Serous Endocervical Versus Other Female Genital Tract Serous Carcinomas.--Before establishing the diagnosis of primary serous carcinoma of the cervix, the possibility of metastasis from any other more common locations (above the cervix) in the female genital tract or peritoneum should be excluded. (292) Immunohistochemistry is not helpful in this setting. If a low-grade serous neoplasm is encountered in the cervix, the origin should be sought in the ovary or peritoneum, as low-grade serous tumors have not been described in the cervix. (293)
Mesonephric Adenocarcinoma.--Mesonephric adenocarcinoma is an uncommon subtype of cervical adenocarcinoma, usually diagnosed in women of reproductive and postmenopausal age, and is typically HPV unrelated. (30,155,179,294) Most patients present with abnormal vaginal bleeding or, rarely, with an abnormal Papanicolaou smear, but it may be an incidental finding. (100,295,296) A cervical mass is often present on gross examination, although some tumors may be undetectable. (100,295,296) Microscopically, a variety of morphologic growth patterns may be seen that vary from tumor to tumor and within the same tumor. These include: (1) tubular pattern with small, round, uniform, and back-to-back tubules, lined by cuboidal to flat cells; (2) ductal pattern typically composed of large glands with variable size, occasionally with intraglandular villous papillae and cellular budding, the glands being lined by 1 to several layers of columnar cells with endometrioid-like appearance; (3) retiform growth characterized by slitlike branching glands, some with intraglandular papillae lined by 1 to several layers of flat, cuboidal, or columnar cells; slit-like and cystic spaces may merge and impart a sievelike appearance; (4) solid pattern with nests and sheets of epithelial cells with scattered small glands; and (5) sex cordlike growth. The last 3 patterns are usually seen as minor components of the tumor. (296) Cells have variable amounts of cytoplasm without mucin, pleomorphic nuclei, and variable mitotic activity (more frequent in ductal and solid patterns). (100,295,296) Deep eosinophilic, hyaline, colloidlike secretion, PAS-positive, diastase-resistant material is often seen in the lumens of glands and tubules. (100,295,296) Stromal response varies, being inconspicuous in some tumors and desmoplastic/myxoid in others (focal or diffuse). (100,296) Tumors usually have an infiltrative border, although a pushing border has also been noted. (100,296) Up to one-third of mesonephric neoplasms with a glandular component have an admixed sarcomatous component, usually resembling endometrial stroma sarcoma or nonspecific spindle cell sarcoma, but heterologous elements are exceedingly rare. (100,202,295,296) The sarcomatous component places these neoplasms technically in the category of malignant mesonephric mixed tumor. A background of mesonephric hyperplasia, more commonly diffuse, often displaying focal cytologic atypia, is frequently seen in the vicinity of malignant mesonephric neoplasms. (95,100,295,296) Lymphovas cular and perineural invasion, as well as lymph node metastases, have been reported. (100,296) Almost 40% of the patients with mesonephric carcinomas have an unfavorable outcome. Late recurrences (up to 9 years reported) may occur and extended follow-up is recommended. (100,202,295,296) Tumors with a sarcomatoid component may have worse prognosis. (100,296)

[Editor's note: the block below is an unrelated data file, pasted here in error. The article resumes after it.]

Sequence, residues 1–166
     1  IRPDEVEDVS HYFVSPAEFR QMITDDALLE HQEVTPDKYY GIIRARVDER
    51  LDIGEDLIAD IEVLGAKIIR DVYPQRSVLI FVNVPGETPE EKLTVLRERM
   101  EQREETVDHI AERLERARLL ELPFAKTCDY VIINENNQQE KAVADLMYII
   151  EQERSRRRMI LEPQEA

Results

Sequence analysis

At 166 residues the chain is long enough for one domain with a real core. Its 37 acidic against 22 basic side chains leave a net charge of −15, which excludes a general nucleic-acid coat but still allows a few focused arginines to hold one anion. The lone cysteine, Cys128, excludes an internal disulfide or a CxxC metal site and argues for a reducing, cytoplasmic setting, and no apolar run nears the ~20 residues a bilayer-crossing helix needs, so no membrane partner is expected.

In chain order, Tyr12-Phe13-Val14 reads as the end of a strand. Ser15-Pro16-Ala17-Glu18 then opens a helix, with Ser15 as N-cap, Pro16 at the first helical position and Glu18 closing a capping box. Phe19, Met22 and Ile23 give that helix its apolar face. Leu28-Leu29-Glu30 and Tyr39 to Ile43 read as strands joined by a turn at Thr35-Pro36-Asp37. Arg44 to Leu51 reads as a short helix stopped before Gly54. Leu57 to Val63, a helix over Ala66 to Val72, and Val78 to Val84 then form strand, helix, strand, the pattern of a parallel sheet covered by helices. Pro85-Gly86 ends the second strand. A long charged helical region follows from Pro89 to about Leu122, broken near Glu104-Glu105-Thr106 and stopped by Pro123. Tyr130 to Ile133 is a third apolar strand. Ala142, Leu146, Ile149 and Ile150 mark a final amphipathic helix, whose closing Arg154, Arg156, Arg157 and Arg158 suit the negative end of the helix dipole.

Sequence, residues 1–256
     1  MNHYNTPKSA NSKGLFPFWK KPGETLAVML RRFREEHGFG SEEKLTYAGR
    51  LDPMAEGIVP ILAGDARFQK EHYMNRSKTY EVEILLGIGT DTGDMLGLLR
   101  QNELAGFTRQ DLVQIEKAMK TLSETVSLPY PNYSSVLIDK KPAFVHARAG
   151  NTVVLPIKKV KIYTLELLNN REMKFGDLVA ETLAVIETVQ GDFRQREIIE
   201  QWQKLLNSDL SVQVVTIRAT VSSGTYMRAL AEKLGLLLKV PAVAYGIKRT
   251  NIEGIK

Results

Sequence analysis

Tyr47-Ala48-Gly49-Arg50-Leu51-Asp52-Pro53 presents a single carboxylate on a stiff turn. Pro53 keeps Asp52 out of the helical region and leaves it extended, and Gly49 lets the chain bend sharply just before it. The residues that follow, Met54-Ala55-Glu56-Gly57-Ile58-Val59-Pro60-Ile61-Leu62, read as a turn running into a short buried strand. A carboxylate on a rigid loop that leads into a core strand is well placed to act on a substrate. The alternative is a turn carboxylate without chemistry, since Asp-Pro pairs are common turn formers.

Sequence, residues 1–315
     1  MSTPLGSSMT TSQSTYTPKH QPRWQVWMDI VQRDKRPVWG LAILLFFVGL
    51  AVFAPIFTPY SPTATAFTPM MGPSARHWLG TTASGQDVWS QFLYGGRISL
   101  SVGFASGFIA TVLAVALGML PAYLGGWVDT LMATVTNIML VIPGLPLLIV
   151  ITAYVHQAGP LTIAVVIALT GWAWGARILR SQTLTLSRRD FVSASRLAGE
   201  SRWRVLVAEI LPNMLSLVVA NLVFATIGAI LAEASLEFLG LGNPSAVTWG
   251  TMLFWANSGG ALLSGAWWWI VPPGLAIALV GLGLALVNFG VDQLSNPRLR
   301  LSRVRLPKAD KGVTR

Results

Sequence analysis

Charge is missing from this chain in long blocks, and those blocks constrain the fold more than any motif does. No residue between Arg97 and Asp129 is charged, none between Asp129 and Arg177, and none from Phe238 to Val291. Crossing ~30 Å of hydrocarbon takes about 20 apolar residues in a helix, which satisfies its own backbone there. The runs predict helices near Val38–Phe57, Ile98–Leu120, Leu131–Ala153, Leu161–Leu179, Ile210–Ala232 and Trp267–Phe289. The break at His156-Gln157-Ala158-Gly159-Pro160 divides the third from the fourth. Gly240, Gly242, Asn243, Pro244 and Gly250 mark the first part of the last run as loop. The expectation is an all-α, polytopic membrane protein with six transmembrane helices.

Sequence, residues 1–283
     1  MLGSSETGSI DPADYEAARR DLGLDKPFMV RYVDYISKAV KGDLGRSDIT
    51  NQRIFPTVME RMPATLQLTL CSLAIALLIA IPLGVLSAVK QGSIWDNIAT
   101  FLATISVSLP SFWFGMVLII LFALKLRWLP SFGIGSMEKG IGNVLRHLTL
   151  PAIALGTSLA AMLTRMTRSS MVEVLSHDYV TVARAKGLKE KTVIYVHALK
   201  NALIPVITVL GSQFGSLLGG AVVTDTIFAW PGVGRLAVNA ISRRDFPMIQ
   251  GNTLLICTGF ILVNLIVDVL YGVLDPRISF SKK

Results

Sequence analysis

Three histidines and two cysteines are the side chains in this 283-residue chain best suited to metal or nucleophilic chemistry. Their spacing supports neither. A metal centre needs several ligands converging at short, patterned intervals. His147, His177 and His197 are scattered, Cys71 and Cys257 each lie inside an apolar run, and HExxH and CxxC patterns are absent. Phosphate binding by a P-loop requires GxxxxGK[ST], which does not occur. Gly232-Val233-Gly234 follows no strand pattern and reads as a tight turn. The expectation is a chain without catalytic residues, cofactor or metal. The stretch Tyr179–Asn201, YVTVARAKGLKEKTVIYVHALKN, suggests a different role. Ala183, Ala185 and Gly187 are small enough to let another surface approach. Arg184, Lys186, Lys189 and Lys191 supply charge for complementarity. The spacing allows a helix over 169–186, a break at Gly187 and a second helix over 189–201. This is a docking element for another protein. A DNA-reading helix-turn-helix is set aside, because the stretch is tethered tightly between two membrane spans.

Mesonephric Carcinoma Versus Mesonephric Hyperplasia.--Both mesonephric hyperplasia and mesonephric carcinoma are composed predominantly of tubules lined by cuboidal cells with frequent intraluminal deep eosinophilic, colloidlike, PAS-positive, diastase-resistant secretions (95,97,100,295,296) and thus it may be difficult to distinguish them from each other, especially if mesonephric hyperplasia also has: (1) associated symptoms and/or a visible gross abnormality (occasionally); (2) diffuse growth; (3) foci of glandular crowding; and (4) nuclear atypia. Moreover, mesonephric hyperplasia, as discussed earlier, may have unusual patterns such as slitlike anastomosing tubules resembling retiform or endometrioid-like growths seen in mesonephric adenocarcinoma. This differential diagnosis may be confounded by the fact that mesonephric adenocarcinoma is often seen arising in a background of diffuse mesonephric hyperplasia with or without atypia (Figure 13, A and B). (95,97,98,281) However, in contrast to mesonephric hyperplasia, mesonephric carcinoma is typically associated with: (1) a grossly visible lesion; (2) admixture of morphologic patterns with complex growth (ductal, retiform, solid, or sex cord-like patterns); (3) diffuse back-to-back glands; (4) significant nuclear atypia; (5) increased mitotic activity; (6) associated desmoplastic stromal reaction (most cases); (7) presence of apoptotic bodies in gland lumens; and (8) occasional presence of a sarcomatoid component and/or lymphovascular invasion. (95,100,296)
Mesonephric adenocarcinoma and mesonephric hyperplasia have an overlapping immunohistochemical profile (100,295,297) except for MIB1 proliferation index, which increases from typical hyperplasia (1%-2%) to atypical mesonephric hyperplasia (2%-8%) (Figure 13, C) to carcinoma (5%-36%). Androgen receptor and inhibin may be potentially helpful in this differential diagnosis if they show negativity, as this points toward the diagnosis of mesonephric adenocarcinoma. (100) Finally, PAX2 has been reported to be strongly and diffusely expressed in benign mesonephric lesions but negative in mesonephric adenocarcinoma, although only 1 case was tested, (75) and at least mesonephric hyperplasia may show patchy p16 positivity (Figure 13, D).